We can also do much more to open up the senses. John P. Milton, an environmental and spiritual pioneer (and mentor to some folks at MIT and Theory U) says we have nine ‘fields of experience’. These are our sight, sound, touch, taste and smell (as we learn in school) but also motion, thought, feeling and ‘chi’ – or life force. Each field is a window to the world. We experience everything in life through these fields. Yet, in a world where we spend 11 hours behind screens each day, we are losing the skills to notice what is around us. With care and time, we can open up each field of experience, and deepen them to connect with other things around us and the ‘bigger picture’.

Which brings me back to my Eskimo teacher, and the qualities of wonder and appreciation. I have learnt from people like him that it is possible to rediscover feelings of wonder in ourselves and bring them to the forefront of life. We can find these feelings as if they are somewhere in the body but have got a bit lost. A ceremony of waking up, sipping water and cheering helps to find these. Equally, going into nature with a lens of appreciation helps to wake the heart and senses. These little ceremonies are important. They are about feeling five years old again, and they show we can rekindle the capacity to celebrate every moment.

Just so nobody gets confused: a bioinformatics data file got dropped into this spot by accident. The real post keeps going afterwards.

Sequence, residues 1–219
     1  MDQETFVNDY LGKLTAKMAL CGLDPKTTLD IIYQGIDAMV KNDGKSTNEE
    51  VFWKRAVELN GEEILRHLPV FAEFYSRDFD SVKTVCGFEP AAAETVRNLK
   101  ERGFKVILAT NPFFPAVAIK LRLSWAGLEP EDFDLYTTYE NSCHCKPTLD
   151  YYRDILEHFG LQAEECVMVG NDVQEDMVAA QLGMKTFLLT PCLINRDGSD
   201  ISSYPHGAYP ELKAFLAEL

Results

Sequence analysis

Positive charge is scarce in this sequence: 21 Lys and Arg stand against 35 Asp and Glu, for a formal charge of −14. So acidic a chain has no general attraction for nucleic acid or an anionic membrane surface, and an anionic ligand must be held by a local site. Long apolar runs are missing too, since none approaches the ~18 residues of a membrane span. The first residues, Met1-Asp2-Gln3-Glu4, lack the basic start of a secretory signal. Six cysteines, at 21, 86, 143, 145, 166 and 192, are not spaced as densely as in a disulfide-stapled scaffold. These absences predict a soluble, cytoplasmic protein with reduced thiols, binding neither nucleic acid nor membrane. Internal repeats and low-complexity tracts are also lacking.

Finally, there is an often neglected friend to presence. And that is relaxation. Again inspired by John Milton – and ancient traditions from Taoism to Tantra to indigenous wisdom – we work with a balance of presence and relaxation. This is because we can try so hard to be present, that we tense up and lose ourselves in trying to be present. The real magic happens when presence and relaxation combine, opening up our awareness in a completely new way.

These are busy and challenging times, when each of us – and humanity – needs to be at our best. So it’s time to revisit what it means to be – and how to take this to the world. And that just needs a bit of practice.